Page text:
Also, I am happy to report a surge in participation on the site over the past month. I've seen increases in story submissions, subscriptions[*], and participation (comments, moderations, etc.) Community++
[*] NB: I was successful in crediting users for their subscriptions on the site after the server crash. Unfortunately, that failed to account for the dollar amount of their subscriptions in our tracking database table which is used to source our progress against our funding goal. I have a plan for getting those updates in place, but want to run it past other members of staff to make sure everything is accounted for before making any changes.
Read on for the rest of the site's news, or just wait and a new story will be out before too long.
We have received word that Linode, our web-hosting provider, will be conducting maintenance on two of our servers in the next 24 hours.
Last night Linode shut down one of our servers (boron), migrated the disk image to a new physical server, and restarted it. All seems to have gone smoothly.
Later on today, two more of our servers are due to be migrated:
Also of note, we are eligible for a free storage upgrade on fluorine from 96 GB to 160 GB. It is not clear at this moment if we will also conduct the storage upgrade at this time.
We are aware and intend to have updated certs installed before then.
(NB: I may have some terminology errors in what follows, but I believe the overall process/concepts should be correct.)
I have personally installed updated certs twice before on our servers, and if need be, am prepared to do so again. It has been a couple years or so but the process should remain largely the same. The majority of the steps are automated, but historically we've preferred to handle the DNS updates manually. That way, just in case something goes sideways, we are hands-on and can take steps to mitigate problems... instead of finding we have a botched DNS and greatly restricted access the servers. (That is a bit of an overstatement, but as I understand it, it's a lot easier to make changes over SSH connections to running servers than through a console port to one server at a time.)
Also, there has been discussion about using a fully-automated Let's Encrypt cert update process, we'll keep you posted.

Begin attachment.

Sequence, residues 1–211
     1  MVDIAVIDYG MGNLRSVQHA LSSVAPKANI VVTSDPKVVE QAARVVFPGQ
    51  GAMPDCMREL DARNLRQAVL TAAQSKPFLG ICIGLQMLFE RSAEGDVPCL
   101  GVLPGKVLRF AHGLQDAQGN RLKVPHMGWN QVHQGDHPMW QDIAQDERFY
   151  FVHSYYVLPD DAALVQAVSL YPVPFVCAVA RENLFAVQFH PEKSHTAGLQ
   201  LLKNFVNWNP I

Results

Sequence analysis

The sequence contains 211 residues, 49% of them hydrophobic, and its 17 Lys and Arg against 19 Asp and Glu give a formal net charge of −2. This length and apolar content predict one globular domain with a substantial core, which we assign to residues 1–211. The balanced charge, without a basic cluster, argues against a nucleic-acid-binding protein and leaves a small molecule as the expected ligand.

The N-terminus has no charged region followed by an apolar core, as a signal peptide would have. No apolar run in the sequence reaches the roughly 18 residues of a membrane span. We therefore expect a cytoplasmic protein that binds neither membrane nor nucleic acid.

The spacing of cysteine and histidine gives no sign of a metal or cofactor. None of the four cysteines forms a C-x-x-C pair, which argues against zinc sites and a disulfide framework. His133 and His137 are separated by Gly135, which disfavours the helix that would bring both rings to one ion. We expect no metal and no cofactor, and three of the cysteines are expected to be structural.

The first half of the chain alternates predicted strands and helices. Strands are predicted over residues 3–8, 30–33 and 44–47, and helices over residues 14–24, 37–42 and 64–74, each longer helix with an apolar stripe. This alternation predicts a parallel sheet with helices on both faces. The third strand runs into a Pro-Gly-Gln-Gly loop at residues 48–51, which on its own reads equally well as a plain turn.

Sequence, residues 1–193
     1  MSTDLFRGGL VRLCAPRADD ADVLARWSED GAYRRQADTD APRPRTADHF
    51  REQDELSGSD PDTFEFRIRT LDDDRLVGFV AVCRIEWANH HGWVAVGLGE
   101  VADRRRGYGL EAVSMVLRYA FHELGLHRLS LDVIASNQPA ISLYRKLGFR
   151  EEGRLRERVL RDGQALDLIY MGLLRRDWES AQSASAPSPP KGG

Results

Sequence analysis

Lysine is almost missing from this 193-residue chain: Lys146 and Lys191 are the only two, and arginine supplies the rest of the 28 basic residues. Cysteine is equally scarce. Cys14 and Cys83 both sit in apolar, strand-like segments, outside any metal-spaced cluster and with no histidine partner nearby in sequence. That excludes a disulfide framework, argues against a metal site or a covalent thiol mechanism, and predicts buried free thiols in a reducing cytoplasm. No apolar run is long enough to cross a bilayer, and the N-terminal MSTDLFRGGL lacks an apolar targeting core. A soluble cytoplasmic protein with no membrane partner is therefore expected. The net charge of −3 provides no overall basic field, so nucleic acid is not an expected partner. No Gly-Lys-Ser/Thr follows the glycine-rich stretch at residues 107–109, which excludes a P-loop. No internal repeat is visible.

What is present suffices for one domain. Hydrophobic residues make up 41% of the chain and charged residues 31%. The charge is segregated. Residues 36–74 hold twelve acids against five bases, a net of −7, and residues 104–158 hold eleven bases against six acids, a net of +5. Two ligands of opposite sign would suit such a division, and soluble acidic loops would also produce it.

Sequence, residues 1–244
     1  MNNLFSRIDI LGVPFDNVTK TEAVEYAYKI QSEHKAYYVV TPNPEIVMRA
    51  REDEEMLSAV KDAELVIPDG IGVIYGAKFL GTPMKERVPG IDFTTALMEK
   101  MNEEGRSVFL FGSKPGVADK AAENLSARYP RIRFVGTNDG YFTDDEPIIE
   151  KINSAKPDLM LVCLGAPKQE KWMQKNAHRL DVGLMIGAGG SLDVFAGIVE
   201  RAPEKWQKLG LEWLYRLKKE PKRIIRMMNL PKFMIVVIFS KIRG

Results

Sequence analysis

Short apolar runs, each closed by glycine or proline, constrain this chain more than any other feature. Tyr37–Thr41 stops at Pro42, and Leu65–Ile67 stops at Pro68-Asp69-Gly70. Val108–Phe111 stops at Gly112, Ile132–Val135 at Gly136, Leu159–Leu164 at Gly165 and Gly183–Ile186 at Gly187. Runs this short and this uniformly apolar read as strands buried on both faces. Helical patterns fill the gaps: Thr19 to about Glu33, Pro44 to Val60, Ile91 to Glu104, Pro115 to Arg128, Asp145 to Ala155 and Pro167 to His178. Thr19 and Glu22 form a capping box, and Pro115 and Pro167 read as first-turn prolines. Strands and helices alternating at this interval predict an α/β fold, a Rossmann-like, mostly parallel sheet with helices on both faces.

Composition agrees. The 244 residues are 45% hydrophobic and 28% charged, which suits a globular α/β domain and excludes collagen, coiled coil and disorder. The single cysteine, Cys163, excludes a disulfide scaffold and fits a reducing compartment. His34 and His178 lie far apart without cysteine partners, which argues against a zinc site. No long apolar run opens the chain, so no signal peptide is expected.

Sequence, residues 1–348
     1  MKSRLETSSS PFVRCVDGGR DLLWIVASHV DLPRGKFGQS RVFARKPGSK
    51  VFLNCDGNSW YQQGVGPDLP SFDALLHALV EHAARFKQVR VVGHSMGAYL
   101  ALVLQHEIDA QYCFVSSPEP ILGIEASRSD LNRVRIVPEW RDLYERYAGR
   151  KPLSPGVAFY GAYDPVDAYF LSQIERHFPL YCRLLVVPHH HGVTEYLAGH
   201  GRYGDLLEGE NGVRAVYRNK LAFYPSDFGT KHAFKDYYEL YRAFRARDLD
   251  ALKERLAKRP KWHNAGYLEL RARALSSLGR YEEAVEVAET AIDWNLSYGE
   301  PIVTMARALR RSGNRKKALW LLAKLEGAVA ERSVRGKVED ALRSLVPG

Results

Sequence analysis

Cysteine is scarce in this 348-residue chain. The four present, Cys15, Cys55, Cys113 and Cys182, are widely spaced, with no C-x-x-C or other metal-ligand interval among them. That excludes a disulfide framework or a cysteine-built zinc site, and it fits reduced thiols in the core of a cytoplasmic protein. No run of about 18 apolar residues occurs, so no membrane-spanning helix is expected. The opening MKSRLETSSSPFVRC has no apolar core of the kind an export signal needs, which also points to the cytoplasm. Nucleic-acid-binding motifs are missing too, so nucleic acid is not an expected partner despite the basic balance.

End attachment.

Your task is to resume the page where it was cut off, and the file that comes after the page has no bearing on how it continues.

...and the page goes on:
Behind the scenes we've been hard at work. juggs, mechanicjay, and audioguy have put in many long and thankless hours stabilizing and documenting our service infrastructure. They've made great strides and we continue to make progress. We cannot change what was done (and not done) in the past, but we can learn from it! What services "live" on what servers? How to restart each service? Monitoring of disk usage and CPU usage? All are gradually being documented and site operations knowledge is getting shared all around.
Lastly, here's a shout-out to the editorial staff who strive to keep stories coming to you 24/7. Fnord666 just posted his 6,500th story! Also, thanks to janrinok, mrpg, chromas, and FatPhil who have all pushed out stories this past month! Teamwork++!
[N.B. Let's not forget our Editor-In-Chief martyb, who just posted his 10,100th story! This is in addition to serving as our primary QA person. - Fnord]
When the human genome was first deemed "complete" in 2000, the news was met with great international fanfare. The two rival groups vying to finish the genome first—one a large government-led consortium, the other an underdog private company—agreed to declare joint success. They shook hands at the White House. Bill Clinton presided. Tony Blair beamed in from London. "We are standing at an extraordinary moment in scientific history," one prominent scientist declared when those genomes were published. "It's as though we have climbed to the top of the Himalayas."
But actually, the human genome was not complete. Neither group had reached the real summit. As even the contemporary coverage acknowledged, that version was more of a rough draft, riddled with long stretches where the DNA sequence was still fuzzy or missing. The private company soon pivoted and ended its human-genome project, though scientists with the public consortium soldiered on. In 2003, with less glitz but still plenty of headlines, the human genome was declared complete once again.